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Ray Mantilla

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Ray Mantilla was born in 1934 in the rhythm-rich, dance-crazed atmosphere of the South Bronx where Afro-Cuban rhythmic forms transmogrified with jazz harmonies and sensibilities in the streets, the homes and dance halls. By 21, Mantilla was on the bandstand playing conga drums along with contemporaries Eddie Palmieri and Ray Barretto, playing that unique Neo-Nuyorican synthesis known as ‘salsa’.

With flutist Herbie Mann, Ray Mantilla entered the international spotlight in 1960. Then, Max Roach invited him to be part of the classic “Freedom Now Suite” recording. After a stint in Puerto Rico where he honed his skills on the trap set, Ray returned to the States to tour nationally and in Europe and Japan with Art Blakey and the Jazz Messengers. For the seven years Ray was with Blakey he occupied his off-hours doing studio work while recording and performing with almost every major figure in jazz including singers Eartha Kitt and Josephine Baker.

In 1977, Ray Mantilla became the first North American Latin musician to play in Cuba since the Cuban Revolution when he appeared there as an essential member of the historic goodwill ensemble led by Dizzy Gillespie.

Ray Mantilla’s career has included membership in many legendary Jazz and Latin Jazz ensembles. A short list of Mantilla’s credits includes Max Roach, Charles Mingus, Ray Barretto, Gato Barbieri, Sonny Stitt, Bobby Watson, Herbie Mann, Tito Puente, Cedar Walton, and Freddie Hubbard. Prolific in the studio, Mantilla can be heard on over 200 albums. Ray Mantilla appeared on the great recording, “Fifty Years of Mambo”, recorded live in Town Hall, New York, which received a Grammy nomination. He has appeared in all major clubs in New York City — the Apollo Theater, Palladium, Blue Note, SOB’s, Birdland, Fat Tuesday’s, Village Gate and the Village Vanguard besides many major international jazz festivals such as Sanremo, the Pori Jazz Festival, JVC Jazz Festival, Montreaux Jazz Festival and the Grande Parade du Jazz. He has been voted Percussionist of the Year by the Jazz Journalists Association and by major jazz periodicals from around the world – including Jazz Times (USA), Jazz Magazine (Italy), JazzThek (Germany) and others.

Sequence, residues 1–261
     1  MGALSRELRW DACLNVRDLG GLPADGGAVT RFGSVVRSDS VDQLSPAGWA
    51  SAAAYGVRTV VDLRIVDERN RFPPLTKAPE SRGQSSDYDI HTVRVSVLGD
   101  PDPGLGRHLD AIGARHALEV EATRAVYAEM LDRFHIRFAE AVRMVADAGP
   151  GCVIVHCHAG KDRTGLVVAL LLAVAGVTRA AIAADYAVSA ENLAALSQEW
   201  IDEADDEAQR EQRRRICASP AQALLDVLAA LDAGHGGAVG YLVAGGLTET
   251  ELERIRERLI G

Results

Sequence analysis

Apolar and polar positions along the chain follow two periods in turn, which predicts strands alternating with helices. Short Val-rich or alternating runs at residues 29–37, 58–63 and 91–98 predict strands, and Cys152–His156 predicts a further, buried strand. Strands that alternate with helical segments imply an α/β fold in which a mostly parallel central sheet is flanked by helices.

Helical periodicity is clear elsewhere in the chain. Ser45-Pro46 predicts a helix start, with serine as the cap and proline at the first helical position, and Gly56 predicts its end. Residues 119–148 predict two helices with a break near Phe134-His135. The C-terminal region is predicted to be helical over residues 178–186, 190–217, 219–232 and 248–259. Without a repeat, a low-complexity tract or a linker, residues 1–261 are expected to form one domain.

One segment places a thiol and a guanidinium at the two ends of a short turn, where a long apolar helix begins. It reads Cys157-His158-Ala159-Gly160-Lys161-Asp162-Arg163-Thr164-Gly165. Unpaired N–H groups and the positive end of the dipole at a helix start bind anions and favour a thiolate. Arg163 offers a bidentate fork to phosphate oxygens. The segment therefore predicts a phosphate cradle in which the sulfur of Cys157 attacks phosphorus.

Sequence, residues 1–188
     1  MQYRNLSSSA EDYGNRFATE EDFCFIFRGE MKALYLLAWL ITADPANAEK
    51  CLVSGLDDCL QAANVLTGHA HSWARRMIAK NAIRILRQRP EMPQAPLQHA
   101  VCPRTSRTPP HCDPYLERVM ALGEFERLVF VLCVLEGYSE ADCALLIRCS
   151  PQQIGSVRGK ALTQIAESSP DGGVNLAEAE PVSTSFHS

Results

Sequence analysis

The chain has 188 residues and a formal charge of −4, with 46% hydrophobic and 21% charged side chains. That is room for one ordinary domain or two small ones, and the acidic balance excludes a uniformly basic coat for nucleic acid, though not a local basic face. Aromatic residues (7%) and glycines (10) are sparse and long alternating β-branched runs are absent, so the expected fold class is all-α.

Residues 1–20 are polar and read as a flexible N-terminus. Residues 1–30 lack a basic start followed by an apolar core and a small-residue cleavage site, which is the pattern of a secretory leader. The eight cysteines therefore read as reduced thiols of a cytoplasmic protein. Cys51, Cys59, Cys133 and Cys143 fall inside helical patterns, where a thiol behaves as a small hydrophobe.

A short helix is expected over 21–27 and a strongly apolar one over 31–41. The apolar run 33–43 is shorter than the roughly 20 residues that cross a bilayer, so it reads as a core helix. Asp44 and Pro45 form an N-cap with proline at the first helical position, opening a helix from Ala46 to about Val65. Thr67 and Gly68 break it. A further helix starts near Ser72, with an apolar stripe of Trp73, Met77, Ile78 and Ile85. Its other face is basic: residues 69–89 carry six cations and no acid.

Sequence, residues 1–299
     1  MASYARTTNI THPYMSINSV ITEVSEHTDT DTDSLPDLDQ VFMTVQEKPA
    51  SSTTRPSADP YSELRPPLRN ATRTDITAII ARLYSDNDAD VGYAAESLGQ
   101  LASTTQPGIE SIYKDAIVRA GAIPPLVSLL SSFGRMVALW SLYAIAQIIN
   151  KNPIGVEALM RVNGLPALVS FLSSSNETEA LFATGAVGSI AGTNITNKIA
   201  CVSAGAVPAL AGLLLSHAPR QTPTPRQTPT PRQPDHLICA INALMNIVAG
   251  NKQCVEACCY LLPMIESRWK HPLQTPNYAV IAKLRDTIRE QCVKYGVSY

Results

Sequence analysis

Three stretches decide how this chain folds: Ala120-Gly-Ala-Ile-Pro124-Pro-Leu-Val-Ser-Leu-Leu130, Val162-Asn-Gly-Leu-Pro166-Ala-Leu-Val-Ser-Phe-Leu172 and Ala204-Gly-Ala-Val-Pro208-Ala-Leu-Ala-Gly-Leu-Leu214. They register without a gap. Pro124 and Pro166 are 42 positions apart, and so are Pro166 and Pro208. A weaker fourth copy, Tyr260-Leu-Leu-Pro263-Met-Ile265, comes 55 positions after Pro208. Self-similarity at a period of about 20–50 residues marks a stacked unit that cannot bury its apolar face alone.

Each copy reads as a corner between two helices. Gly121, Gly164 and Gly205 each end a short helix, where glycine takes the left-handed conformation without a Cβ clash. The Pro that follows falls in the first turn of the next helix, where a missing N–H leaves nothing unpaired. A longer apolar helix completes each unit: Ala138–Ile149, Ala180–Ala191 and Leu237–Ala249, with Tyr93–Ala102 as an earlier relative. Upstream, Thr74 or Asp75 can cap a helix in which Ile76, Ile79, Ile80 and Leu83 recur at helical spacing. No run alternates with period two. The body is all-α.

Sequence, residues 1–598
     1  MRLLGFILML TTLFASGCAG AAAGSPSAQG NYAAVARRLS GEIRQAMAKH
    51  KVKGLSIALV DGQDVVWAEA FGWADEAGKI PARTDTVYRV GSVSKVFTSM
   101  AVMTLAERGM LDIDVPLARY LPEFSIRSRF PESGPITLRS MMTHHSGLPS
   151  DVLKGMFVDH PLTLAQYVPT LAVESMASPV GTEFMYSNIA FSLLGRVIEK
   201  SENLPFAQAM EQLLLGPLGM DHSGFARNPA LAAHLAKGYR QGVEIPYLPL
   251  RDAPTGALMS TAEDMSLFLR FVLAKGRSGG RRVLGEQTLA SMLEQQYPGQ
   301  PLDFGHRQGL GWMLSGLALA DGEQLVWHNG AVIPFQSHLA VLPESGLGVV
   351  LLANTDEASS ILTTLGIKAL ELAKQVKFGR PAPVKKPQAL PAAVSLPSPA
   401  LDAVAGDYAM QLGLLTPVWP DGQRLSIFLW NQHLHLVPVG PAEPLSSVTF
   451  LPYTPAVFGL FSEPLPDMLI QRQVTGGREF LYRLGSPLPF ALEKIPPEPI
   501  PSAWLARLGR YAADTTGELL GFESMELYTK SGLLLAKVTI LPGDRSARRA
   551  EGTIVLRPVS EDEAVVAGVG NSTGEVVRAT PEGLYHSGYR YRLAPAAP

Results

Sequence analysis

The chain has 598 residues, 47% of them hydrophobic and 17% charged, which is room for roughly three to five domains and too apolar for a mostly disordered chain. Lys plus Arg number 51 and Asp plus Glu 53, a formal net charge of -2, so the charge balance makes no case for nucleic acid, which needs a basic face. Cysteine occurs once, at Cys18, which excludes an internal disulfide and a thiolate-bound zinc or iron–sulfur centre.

Ray Mantilla describes his music as “Latin Jazz with authentic Latino rhythms.” His goal, he says “is to keep playing good music, have people come to see us, and to preserve the tradition.” In 2003 Ray Mantilla signed with Savant Records and his first record for the label, “Man-Ti-Ya” was released (SCD 2059). His second recording, “Good Vibrations” (SCD 2073) climbed to the prestigious #1 one spot on jazz radio and remained there for over 3 weeks, overtaking artists such as Eddie Palmieri and Ray Barretto.

http://www.mantillamusic.com

A graduate of Empire State College with a dual major in journalism and Latin American studies, Editor-in-Chief Tomas Peña has spent years applying his knowledge and writing skills to the promotion of great musicians. A specialist in the crossroads between jazz and Latin music, Peña has written extensively on the subject. His writing appears on Latin Jazz Network; Chamber Music America magazine and numerous other publications.

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